Below I argue that the failure of recent HIV vaccine trials suggest that it is necessary to put even more effort into finding vaccines which will cause us to make antibodies which block HIV infection of cells, that is neutralizing antibodies. I now know more about just how frustrating this effort has been.
I am relying on a fairly recent review from 2004
My version of the story. Long long ago a monoclonal, called B12, which blocks HIV infection was discovered. It binds to the part of the HIV surface protein gp-120 which binds to CD-4. Unfortunately, other antibodies to this protein only block HIV which has been grown in standard cell line not HIV isolated from patients. The problem appears to be that the glycosylation (sugar coating) of gp-120 is different if the HIV grew in different types of cells.
Other neutralizing antibodies (X5 17b) bind to another part of gp-120 which seems to be required for HIV binding to another protein on the target cells surface either CCR5 or CXCR4. They aren't as famous as CD-4 but HIV has to bind to them. The problem is that this part of the gp-120 is only exposed after gp-120 sticks to CD-4.
There is a very strange mutant neutralizing antibody which would not normally be made in response to a vaccine so it doesn't count.
Finally there are some antibodies which bind to parts of HIV which are not conserved and so neutralize some strains of HIV but not others.
Finally the known neutralizing antibodies which block the most different strains of HIV 4F5 and 2E10 bind to a different HIV protein gp-41. They don't block binding to target cells but seem to block a later stage of infection.
For all of the broadly effective neutralizing antibodies other than B12 bind to parts of HIV which are only briefly exposed during the infection of cells. Thus they aren't made normally in HIV infected people, although they could be made in response to a vaccine in which these parts (epitopes) are exposed.
I think that it is not known why production of antibodies like B12 is so rare. One important issue is that after a B-Cell is activated, the antibody gene mutates. It is possible that there is no gene for any antibody which works like B12 in resting B-Cells and that several different mutations were required to produce B12. It is also possible that the epitope to which B12 binds is normally destroyed during antigen processing and they lucky patient had a lucky antigen presenting cell which didn't do so.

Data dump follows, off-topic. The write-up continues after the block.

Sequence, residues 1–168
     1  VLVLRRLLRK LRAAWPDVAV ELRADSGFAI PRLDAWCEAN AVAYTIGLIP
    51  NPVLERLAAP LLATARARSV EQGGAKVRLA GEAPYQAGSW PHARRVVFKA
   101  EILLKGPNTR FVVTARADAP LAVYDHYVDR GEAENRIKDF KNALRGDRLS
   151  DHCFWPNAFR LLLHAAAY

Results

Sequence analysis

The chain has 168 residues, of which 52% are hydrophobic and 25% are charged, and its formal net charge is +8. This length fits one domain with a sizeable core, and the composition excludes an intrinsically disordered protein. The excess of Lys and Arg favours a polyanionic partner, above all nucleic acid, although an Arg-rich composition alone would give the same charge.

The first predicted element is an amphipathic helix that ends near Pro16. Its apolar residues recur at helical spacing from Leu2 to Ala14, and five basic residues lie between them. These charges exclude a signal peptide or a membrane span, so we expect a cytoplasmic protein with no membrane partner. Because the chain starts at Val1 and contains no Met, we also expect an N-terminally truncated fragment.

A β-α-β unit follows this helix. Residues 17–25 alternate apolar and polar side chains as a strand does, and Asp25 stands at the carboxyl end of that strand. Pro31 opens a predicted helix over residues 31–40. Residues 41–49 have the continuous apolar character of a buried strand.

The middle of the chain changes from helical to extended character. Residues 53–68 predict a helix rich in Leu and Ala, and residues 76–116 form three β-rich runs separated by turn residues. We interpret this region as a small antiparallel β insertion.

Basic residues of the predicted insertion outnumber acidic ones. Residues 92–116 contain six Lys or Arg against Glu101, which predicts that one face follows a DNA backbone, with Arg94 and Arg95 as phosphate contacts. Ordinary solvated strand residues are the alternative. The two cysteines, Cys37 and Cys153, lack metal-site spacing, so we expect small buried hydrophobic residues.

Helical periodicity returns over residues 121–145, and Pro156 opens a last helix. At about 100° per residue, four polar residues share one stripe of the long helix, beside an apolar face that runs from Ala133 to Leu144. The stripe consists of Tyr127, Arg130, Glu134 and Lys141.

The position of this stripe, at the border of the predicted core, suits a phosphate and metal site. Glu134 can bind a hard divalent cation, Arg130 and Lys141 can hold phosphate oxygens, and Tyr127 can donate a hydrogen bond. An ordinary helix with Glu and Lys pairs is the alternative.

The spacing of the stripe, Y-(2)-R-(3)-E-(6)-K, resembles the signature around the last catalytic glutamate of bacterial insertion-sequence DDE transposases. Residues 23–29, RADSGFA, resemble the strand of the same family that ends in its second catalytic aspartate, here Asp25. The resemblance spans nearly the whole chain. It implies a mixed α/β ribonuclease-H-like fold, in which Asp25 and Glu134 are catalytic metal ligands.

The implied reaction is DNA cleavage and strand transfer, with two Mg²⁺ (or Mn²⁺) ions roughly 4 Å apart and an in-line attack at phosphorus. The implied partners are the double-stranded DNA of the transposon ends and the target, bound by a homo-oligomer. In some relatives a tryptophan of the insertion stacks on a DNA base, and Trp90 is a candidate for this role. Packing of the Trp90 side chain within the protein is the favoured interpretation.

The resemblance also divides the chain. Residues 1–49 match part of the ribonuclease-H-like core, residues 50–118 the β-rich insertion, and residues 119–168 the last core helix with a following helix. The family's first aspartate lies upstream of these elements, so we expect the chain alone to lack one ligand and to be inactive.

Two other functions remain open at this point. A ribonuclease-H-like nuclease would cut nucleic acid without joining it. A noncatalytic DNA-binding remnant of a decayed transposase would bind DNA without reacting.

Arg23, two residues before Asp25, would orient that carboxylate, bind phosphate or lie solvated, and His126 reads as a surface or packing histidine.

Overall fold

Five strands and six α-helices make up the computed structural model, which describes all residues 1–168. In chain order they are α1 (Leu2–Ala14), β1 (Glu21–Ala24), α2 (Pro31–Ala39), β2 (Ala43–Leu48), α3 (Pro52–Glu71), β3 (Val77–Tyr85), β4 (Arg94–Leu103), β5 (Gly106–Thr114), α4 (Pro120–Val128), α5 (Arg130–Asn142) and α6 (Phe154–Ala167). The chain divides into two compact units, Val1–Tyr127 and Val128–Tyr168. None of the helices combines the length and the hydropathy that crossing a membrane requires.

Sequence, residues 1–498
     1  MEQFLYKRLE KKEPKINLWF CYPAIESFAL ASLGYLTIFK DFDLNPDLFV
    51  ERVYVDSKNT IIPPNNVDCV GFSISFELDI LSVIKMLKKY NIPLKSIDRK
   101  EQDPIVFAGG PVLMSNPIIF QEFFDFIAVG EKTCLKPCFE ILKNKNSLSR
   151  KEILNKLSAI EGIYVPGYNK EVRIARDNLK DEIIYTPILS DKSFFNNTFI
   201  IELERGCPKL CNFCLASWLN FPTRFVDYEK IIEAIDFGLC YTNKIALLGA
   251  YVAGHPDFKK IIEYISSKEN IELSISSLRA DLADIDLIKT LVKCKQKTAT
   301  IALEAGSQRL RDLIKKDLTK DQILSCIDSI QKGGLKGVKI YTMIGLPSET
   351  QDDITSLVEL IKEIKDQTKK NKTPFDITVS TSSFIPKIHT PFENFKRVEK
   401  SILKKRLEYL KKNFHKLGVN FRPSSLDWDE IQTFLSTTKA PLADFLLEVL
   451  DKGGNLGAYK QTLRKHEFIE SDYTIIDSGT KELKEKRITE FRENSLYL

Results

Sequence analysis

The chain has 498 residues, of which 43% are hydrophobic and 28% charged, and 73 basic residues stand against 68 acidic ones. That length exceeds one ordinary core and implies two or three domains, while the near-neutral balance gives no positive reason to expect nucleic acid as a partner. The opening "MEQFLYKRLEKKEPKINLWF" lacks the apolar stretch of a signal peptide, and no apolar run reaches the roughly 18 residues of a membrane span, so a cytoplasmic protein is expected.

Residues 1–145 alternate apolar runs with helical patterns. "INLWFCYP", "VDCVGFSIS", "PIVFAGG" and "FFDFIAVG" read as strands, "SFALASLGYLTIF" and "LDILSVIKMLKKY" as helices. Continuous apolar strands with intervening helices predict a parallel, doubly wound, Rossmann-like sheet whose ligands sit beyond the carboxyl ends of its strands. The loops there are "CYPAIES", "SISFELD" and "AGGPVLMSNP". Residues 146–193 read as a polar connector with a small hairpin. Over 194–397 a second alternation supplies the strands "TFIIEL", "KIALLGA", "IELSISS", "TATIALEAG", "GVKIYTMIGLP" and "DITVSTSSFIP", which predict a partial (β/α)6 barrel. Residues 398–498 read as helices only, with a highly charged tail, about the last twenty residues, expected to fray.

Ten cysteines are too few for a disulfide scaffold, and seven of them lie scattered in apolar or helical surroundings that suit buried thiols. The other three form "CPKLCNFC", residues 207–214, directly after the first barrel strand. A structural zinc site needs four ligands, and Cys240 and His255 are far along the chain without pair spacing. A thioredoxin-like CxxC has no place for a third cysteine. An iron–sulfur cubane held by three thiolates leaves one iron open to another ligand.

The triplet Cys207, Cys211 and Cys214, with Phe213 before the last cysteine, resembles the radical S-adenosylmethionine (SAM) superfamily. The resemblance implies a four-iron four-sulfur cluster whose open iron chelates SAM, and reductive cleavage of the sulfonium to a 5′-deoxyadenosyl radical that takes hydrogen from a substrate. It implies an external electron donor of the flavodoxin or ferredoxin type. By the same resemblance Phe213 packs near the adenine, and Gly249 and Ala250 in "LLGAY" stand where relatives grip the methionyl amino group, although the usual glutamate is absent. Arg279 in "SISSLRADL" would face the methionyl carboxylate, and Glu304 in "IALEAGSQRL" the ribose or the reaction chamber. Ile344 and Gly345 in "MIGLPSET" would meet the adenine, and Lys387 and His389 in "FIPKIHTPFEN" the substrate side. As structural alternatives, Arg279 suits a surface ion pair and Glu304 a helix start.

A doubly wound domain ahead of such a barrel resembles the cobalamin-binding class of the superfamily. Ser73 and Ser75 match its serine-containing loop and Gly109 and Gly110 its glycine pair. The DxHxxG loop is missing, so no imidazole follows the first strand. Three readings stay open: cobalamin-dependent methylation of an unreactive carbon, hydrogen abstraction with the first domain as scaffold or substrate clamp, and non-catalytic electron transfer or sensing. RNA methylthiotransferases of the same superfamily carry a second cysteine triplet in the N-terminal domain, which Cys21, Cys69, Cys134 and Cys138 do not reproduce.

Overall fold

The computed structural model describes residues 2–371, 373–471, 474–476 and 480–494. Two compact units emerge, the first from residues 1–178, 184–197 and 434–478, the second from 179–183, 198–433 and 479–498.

There are some avenues for research which were not discussed in the brief review and which I would like to discuss.
First, notice I was guessing about the closest analogue to B12 in resting B-cells. I think it would be interesting to clone the genes analogous to B12 from resting B-cells. For one thing, a vaccine would have to bind to their IG-d product in order to stimulate mutation to a B12 like antibody.
I think that it would be possible to come up with other candidate neutralizing monoclonal antibodies by screening for antibodies which compete with the currently known neutralizing antibodies for binding sites. Also to make modified proteins which are partly like gp-120 and gp41, screen for those which bind the known neutralizing antibodies and then select antibodies which bind to those proteins and not the others (I said select which means I am still into phage display).
That is, the next step isn't interesting until there are a fair bunch of known useful neutralizing antibodies.
OK then the problem becomes not we want to design a vaccine so that it will induce antibodies which neutralize HIV but rather we want to design a vaccine which will induce the following n antibodies. This is, it seems to me, definitely doable.
Basically to induce an antibody first an antigen has to stick to it. It is very easy to get proteins which stick to something - make antibodies. An antibody which specifically sticks to another antibody is called an anti-idiotype antibody. An anti-idiotype antibody would not work at all as a vaccine, but I'm not so sure about an anti-idiotype Fab.
Furthermore, the other aspects a protein must have to be an antigen are comprehensible. It must also bind to the receptor of a helper t-cell and it must be processed and presented by an antigen presenting cell. I think that fiddling with a protein to make it antigenic should be feasible. I think it would be done often but it hasn't been necessary.